ONE can only imagine the incredulous reaction in many UK homes to the near hysteria that has greeted the return of Richard D James, aka Aphex Twin, in the national press these last few weeks.
He’s certainly no household name. His biggest UK hit reached the heady heights of number 16 in 1999 and his last album under the Aphex moniker, the double set Drukqs, reached number 22 two years later.
To fans of all things bleepy, though, James’ return is as thrilling as it gets. If anyone could claim to be the godfather of the electronic dance music (EDM) scene, it’s him; his Selected Ambient Works 1985-92 debut pretty much defined ambient and singles like Didgeridoo, Windowlicker and Come to Daddy have influenced an entire generation of musicians in both the dance and rock scenes.
So does Syro live up to the weight of expectation?
Even the most ardent of Aphex fanboys have been forced to admit that it sounds, after several listens, like just a collection of tracks, rather than a whole new genre being spawned.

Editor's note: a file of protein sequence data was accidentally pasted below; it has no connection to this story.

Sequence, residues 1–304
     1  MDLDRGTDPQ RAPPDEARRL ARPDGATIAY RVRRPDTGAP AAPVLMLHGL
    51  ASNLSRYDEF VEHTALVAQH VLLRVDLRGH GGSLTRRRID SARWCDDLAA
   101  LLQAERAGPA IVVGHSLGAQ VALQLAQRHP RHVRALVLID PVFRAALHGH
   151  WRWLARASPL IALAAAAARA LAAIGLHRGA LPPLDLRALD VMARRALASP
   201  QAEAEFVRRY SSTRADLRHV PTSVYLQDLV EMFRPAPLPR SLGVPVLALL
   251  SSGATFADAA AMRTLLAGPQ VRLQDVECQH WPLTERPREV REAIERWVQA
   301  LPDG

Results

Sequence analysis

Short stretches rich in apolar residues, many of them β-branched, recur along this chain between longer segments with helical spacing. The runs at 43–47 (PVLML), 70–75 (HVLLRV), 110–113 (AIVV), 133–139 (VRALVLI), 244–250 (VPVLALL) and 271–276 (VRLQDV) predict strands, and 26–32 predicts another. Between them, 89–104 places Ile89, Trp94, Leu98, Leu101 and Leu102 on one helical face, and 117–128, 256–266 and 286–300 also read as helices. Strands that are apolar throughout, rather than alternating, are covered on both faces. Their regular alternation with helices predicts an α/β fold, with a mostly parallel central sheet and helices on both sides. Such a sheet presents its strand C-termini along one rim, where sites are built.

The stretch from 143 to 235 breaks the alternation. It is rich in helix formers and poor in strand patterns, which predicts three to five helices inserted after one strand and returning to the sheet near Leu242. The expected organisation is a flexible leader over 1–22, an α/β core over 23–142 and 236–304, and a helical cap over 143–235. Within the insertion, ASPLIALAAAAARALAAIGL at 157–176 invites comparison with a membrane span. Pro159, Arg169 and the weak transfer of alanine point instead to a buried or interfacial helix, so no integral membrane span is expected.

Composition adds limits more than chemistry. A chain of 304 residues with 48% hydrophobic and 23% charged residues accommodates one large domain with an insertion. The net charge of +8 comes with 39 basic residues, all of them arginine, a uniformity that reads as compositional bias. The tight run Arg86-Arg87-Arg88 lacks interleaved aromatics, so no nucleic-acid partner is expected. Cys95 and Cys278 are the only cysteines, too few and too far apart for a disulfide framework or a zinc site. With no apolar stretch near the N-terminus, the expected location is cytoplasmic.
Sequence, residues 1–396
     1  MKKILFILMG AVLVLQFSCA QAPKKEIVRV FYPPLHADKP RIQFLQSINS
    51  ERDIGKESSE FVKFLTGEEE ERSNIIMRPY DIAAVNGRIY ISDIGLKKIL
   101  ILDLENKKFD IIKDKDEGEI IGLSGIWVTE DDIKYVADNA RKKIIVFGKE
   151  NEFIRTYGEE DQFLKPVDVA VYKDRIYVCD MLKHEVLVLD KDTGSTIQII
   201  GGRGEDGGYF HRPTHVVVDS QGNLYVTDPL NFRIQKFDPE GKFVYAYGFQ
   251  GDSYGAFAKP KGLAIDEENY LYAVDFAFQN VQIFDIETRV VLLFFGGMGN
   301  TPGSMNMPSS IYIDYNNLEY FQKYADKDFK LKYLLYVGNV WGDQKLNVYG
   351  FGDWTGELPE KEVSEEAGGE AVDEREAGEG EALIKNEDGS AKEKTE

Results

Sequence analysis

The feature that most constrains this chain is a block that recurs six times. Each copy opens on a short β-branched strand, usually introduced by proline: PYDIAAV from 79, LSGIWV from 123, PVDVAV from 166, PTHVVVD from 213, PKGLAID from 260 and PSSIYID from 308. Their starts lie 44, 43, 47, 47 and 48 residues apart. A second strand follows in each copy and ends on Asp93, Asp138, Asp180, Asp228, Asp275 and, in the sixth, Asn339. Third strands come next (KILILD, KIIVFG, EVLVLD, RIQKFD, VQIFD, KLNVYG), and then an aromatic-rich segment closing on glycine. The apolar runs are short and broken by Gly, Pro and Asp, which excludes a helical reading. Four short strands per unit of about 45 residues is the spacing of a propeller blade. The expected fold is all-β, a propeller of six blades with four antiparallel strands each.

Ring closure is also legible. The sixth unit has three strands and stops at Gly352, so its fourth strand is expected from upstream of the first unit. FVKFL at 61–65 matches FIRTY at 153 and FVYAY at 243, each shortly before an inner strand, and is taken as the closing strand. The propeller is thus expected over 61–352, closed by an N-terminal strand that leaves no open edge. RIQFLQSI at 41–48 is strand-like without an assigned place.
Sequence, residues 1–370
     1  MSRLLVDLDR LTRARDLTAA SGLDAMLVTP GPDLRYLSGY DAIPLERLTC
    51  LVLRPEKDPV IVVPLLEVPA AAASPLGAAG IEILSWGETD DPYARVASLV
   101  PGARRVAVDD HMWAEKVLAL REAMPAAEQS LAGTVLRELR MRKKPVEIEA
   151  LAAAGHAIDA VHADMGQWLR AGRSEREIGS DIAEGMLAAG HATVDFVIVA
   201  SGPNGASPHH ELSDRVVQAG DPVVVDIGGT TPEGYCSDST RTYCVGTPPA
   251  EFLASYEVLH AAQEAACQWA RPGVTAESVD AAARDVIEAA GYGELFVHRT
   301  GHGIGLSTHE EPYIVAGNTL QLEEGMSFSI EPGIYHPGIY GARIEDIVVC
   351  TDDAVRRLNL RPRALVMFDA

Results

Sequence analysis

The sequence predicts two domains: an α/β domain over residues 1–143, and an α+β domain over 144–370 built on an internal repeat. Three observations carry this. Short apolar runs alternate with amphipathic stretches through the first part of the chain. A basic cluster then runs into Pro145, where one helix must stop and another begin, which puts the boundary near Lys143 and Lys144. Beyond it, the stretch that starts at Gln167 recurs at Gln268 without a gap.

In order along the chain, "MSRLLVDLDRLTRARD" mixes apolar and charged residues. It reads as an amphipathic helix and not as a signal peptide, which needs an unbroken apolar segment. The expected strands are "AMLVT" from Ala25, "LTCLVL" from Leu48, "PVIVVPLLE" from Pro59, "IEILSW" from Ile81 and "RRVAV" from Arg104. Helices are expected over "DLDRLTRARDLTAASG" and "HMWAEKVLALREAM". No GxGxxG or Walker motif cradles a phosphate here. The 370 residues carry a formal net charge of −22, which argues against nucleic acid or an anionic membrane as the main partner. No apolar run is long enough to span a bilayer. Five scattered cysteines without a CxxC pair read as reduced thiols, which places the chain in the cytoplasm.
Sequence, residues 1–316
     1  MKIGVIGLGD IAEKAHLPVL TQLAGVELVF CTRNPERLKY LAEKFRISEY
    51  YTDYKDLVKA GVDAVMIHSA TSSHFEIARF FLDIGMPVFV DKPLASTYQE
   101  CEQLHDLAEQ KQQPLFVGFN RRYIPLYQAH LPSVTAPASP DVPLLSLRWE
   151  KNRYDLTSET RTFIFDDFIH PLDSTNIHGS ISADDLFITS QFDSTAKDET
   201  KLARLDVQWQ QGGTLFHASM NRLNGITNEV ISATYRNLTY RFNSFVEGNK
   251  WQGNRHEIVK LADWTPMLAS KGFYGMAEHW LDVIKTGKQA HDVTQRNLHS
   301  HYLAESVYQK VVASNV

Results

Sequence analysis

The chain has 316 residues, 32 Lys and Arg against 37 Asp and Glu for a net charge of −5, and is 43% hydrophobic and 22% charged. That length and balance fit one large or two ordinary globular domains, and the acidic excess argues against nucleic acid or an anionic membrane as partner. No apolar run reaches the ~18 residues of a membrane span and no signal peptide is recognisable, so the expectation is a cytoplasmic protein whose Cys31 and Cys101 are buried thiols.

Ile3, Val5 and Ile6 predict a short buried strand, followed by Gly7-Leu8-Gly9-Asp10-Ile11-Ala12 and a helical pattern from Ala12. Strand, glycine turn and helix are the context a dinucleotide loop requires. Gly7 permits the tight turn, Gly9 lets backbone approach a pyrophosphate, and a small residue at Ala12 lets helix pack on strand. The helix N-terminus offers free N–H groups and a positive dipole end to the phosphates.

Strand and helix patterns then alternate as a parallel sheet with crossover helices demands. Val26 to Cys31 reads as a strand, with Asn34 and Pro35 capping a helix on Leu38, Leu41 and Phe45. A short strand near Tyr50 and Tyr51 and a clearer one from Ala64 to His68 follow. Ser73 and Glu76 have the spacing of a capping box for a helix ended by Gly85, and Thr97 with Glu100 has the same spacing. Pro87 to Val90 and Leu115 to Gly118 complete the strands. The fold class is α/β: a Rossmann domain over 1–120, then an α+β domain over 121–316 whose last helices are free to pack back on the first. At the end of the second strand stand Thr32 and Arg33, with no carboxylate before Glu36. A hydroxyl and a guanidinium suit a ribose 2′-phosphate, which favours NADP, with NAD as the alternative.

But that’s arguably no bad thing. The best bits of Syro are just great: the shades of acid house in “4 bit 9d api+e+6 [126.26]”, the straightforward electronica of opening track “minipops 67 [120.2]” and the galloping, strangely reassuring “CIRCLONT14 [152.97]” (shrymoming mix).
He changes tack at the last with the Satie-like piano instrumental “aisatsana ” (those titles, eh?!) as if to prove a point, but there’s no need, really. Syro is as good a return as we could have hoped for.
Like this? Try these: Daniel Avery, Drone Logic; LCD Soundsystem, Sound of Silver
By Andrew Greenhalgh